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1406 (PC) artwork

1406 (PC) review

"The Evil Dud"

1406 (PC) image

In just thirty minutes, I witnessed both endings of the horror game 1406 in all their glory. In one conclusion, I ran afoul of a life-threatening event. Instead of trying to fight it, I leaned into the oncoming calamity. One quick thing occurred as a result, the screen blurred and two words popped up--and no, they weren't "game over." YOU DEAD! Yes, I dead. Er, deaded? Ceased to exist in any case...

Because I apparently hate myself, I decided to start the whole shebang over to see if I could not "dead" at least once. Instead of letting the aforementioned bad thing occur, I decided to try opening the front door. With every attempt, I could hear my character growing more furious, but it just wouldn't give. So I sat there, did nothing, then heard a click. I twisted the knob again, exited the premises and received yet another two words, this time informing me that I didn't dead. One quick, uneventful transition later, I was back at the title screen. "Wow, that was so worth it," I thought.

As you can tell, 1406 is an extremely weak haunted house product. You take the role of a paranormal investigator and writer who decides to spend time in a tiny, creepy house so he can write about a poltergeist. At least, that's what I gathered from his somewhat mistranslated notes, with one confusing line stating, "There is no house, the usual old house." I'm not sure what that means, but context clues tell me he's yammering about a house associated with ghostly activity.

1406 (PC) image

You begin this first-person adventure in bed, disturbed by someone at the door. You awaken, pull out a candle and commence investigating the whopping three rooms that make up this domicile: a cramped bedroom, a kitchen and a bathroom (which is locked). At first, your objective isn't clear, but you find a couple of things to tinker with and some notes to read. A jack-in-the-box opens up, attempting to scare you with a character that's trying so hard to be unnerving that it's not unnerving as a result, plus a note informs you that some malevolent force is trying to make you commit suicide so it can steal your soul. Obviously, this isn't a subtle, nuanced kind of horror story...

One thing you'll discover after playing a few minutes is that there really isn't no major goal here, other than finding a key to unlock the bathroom. You spend the entire campaign moseying from one room to another while the game barrages you with haunting cliches. To advance the story, you simply need to traipse into a room and hope that you trigger some kind of phenomenon. Bleeding walls and ghostly phone calls pop up, as well as an Evil Dead-ish view from the spirit's perspective outside the house. There's maybe one part that's kind of neat, where you see a huge demon head roars in your face (a la the movie "Poltergeist") and eventually dissolves, causing exactly no harm. There is no intellectual process to advancing the plot. You just walk around and things happen seemingly at random.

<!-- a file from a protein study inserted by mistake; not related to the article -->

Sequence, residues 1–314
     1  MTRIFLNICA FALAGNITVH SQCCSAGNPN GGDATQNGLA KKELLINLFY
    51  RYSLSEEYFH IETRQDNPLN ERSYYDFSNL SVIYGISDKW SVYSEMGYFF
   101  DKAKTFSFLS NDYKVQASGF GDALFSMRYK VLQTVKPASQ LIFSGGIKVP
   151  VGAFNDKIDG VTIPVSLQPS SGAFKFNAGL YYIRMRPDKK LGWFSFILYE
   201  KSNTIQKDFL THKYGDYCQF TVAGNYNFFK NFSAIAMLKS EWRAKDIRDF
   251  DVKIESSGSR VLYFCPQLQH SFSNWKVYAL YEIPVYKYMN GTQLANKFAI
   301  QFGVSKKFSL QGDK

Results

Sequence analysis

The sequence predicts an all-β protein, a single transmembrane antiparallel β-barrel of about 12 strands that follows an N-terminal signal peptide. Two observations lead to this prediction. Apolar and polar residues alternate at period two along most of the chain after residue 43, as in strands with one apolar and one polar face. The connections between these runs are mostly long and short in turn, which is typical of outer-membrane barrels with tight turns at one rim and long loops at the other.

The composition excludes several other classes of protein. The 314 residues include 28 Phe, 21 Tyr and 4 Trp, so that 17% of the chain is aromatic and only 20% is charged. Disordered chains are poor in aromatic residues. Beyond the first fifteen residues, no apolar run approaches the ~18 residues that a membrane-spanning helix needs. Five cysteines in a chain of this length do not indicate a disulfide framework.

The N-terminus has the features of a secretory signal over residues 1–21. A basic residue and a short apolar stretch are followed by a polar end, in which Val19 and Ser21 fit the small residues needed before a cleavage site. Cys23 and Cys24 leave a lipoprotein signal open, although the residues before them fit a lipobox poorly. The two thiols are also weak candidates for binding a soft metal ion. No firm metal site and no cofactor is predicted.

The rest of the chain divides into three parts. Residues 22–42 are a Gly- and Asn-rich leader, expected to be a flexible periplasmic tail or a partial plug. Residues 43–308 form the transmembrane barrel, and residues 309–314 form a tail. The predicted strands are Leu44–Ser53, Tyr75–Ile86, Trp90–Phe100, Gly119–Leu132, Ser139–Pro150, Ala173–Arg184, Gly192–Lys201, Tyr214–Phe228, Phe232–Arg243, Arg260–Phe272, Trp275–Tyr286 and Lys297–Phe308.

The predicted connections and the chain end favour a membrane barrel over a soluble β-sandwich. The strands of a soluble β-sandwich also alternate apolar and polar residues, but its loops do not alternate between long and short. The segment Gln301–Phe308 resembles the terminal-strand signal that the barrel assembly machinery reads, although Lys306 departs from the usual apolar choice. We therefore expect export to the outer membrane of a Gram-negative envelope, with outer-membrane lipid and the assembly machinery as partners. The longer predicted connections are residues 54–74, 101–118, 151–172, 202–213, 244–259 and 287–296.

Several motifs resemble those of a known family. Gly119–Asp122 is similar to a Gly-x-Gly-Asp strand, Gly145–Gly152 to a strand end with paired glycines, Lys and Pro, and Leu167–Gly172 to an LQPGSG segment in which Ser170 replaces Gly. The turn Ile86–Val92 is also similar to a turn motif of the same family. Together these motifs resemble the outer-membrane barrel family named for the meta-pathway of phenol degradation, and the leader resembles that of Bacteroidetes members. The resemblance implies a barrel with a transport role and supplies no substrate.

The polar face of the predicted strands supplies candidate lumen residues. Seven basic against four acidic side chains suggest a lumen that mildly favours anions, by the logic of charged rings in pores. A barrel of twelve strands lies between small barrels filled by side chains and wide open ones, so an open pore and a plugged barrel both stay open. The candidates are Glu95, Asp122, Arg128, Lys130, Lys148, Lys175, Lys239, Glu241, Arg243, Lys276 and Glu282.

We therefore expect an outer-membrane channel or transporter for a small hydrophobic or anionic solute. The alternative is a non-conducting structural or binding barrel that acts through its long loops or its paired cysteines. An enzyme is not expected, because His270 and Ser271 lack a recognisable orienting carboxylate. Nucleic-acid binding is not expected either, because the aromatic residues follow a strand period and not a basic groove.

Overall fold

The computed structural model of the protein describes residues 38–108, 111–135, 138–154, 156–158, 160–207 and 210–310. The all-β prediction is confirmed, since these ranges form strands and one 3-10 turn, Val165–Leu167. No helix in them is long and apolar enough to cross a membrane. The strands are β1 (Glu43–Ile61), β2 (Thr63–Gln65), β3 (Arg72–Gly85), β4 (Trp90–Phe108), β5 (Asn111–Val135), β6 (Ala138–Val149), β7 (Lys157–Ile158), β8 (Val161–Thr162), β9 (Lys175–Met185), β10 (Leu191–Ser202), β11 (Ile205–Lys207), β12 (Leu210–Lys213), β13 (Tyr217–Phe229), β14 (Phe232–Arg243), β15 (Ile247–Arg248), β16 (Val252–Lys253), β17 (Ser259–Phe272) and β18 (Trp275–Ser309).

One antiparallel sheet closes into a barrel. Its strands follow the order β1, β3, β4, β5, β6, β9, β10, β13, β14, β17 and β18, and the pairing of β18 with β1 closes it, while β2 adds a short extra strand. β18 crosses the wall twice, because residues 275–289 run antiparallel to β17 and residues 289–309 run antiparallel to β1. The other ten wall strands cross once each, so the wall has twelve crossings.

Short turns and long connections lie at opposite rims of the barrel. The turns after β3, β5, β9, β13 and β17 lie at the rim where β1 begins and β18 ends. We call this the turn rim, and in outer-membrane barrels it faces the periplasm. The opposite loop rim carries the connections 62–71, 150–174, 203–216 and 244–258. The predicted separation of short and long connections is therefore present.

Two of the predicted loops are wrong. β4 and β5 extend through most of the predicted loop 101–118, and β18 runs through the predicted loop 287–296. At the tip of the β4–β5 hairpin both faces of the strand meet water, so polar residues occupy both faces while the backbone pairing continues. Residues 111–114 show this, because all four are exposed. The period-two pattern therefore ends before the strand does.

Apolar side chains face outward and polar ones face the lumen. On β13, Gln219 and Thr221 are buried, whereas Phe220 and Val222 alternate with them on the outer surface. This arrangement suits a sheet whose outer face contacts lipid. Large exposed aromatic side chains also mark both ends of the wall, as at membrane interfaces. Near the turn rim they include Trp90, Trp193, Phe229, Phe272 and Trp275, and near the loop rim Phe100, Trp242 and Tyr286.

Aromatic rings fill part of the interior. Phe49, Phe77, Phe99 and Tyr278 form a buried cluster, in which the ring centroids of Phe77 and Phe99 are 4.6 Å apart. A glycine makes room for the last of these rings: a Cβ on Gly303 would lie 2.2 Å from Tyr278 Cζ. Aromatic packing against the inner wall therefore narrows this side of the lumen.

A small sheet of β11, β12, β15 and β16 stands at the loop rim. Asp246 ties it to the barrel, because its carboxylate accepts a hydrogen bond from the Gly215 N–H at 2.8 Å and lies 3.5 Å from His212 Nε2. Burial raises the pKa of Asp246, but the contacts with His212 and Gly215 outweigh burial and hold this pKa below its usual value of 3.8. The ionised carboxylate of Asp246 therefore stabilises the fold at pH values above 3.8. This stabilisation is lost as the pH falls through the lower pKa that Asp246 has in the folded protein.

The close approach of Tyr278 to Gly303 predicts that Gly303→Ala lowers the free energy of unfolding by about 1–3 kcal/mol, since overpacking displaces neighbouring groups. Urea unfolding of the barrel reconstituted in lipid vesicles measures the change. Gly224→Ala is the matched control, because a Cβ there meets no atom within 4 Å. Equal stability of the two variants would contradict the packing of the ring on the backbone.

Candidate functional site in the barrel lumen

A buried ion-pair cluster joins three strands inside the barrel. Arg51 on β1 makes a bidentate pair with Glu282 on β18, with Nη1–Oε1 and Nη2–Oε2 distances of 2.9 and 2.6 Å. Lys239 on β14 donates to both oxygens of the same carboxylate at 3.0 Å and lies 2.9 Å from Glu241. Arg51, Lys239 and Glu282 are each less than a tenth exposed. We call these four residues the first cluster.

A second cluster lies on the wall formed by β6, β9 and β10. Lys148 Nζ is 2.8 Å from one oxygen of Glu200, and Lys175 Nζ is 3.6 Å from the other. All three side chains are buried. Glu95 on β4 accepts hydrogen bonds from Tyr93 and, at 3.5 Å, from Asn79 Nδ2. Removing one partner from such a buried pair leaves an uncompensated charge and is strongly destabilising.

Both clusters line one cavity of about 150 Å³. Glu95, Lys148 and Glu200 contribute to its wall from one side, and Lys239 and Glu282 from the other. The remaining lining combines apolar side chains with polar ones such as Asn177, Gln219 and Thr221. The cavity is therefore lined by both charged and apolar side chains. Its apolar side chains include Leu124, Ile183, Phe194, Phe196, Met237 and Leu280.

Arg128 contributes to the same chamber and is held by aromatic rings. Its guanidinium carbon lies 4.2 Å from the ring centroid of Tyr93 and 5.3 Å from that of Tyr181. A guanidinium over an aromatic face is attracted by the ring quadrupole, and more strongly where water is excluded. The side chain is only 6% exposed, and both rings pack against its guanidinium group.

1406 (PC) image

Honestly, I'm not even sure what purpose this title serves. It doesn't really try to terrify, if its usage of tame and worn out scares is any indication. It doesn't offer much of a story, and only consists of frights without much context. It lacks in regards to content, providing only a minuscule playing field and failing to make use of the potential for claustrophobic horror. More than anything, it feels like its developer, indie_games_studio, just slapped together a haphazard living space and clumsily dispensed of cheap, unimaginative frights, then called it a day.

Short horror games have gained a bad reputation that they don't entirely deserve, mostly because people have learned to associate that broad category with pieces like this one. The impression everyone gets is that developers crank these titles out with minimal effort so they can make quick dollars from undiscerning genre fans. I'm not going to speculate on whether or not that was the case here, but it's hard to see a game this lacking in structure, content, creativity and intent as anything but a low effort cash grab.


JoeTheDestroyer's avatar
Staff review by Joseph Shaffer (January 02, 2021)

Rumor has it that Joe is not actually a man, but a machine that likes video games, horror movies, and long walks on the beach. His/Its first contribution to HonestGamers was a review of Breath of Fire III.

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